European Parliament Votes Against PoW Ban, Offers Huge Relief to Crypto Industry

Earlier on Monday, members of the European Parliament’s Committee on Economic and Monetary Affairs voted against a version of the Markets in Crypto Assets, or MiCA, account that could have effectively banned proof-of-work-based cryptocurrencies within the EU. This comes as a huge relief to the crypto industry, whose representatives had previously warned of the threat of a hardline regulatory scenario.

MiCA is a regulatory framework that: contains 126 articles and a detailed plan for their implementation by the EU institutions and the Member States. The concept was introduced by the European Commission in 2020 as part of its Digital Finance strategy.

MiCA covers a wide range of crypto-related topics such as the status of all major currencies and stablecoins, the operations of mining and exchange platforms – with some notable exceptions such as digital currencies issued by central banks or CBDCs – security tokens, non-fungible tokens, or NFTs and decentralized finance, or DeFi.

The main intrigue of Monday’s parliamentary session was the significant differences between two versions of the draft to be voted on. One of them contained language that could prohibit any operation with the cryptocurrencies that rely on the proof-of-ork or PoW protocol. The problematic line would require currency providers to submit a detailed plan for their compliance with environmental sustainability standards.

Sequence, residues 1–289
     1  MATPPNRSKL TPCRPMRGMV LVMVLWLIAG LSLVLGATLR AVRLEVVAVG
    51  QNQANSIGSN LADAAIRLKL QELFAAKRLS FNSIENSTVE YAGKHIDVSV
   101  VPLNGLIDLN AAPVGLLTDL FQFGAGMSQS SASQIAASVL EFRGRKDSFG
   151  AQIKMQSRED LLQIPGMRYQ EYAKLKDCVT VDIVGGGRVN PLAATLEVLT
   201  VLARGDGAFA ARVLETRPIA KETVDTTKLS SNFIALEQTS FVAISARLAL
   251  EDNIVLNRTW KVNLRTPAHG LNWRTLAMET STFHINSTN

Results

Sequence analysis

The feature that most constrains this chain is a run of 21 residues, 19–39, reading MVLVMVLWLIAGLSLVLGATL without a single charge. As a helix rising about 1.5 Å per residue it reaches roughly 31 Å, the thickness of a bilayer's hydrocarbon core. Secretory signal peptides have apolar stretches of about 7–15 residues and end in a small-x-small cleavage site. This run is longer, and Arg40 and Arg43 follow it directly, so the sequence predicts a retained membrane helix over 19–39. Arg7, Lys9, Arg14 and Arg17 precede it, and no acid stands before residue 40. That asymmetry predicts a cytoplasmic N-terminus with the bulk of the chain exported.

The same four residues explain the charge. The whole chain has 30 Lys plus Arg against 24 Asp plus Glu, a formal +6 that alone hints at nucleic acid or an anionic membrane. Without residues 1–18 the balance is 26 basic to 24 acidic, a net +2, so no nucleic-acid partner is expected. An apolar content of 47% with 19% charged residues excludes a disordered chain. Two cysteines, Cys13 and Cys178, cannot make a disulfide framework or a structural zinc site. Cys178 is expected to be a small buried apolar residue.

In the case of Bitcoin (BTC) and some other decentralized systems, such details could in principle not be provided, because there is no existing central operator or an individual or collective decision maker.

Therefore, this version of the concept has been previously corrected to overcome such a regulatory deadlock. As Stefan Berger, member of the European Parliament’s Committee on Economic and Monetary Affairs, previously assured, the problematic language was not allowed to appear in the final draft.

In the end, the hardline version of MiCa appeared on the floor, but was not supported by the majority of MEPs. Like Patrick Hansen, head of strategy at crypto firm Unstoppable Finance reported, 32 members of the ECON committee voted against the restrictive version and only 24 voted in favour. The latter minority consisted largely of the members of the Green Group and the Progressive Alliance of Socialists and Democrats.

The more moderate version of MiCA, which will now continue its journey through the EU institutions, contains no direct or implied ban on PoW mining. Instead, it mandates the European Commission, the EU’s highest executive body, to submit a legislative proposal by January 1, 2025 “with a view to including in the EU taxonomy sustainable financing of all crypto assets.” mining activities”.

Crypto mining can still be classified as an “unsustainable” activity before January 2025, excluding support and investment from European companies and governments. However, this is far from an outright ban, the enactment of which could have drastically changed the state of crypto in Europe.

The next step for the MiCa is a three-pronged consideration by the European Parliament, the European Commission and the Council of the European Union.

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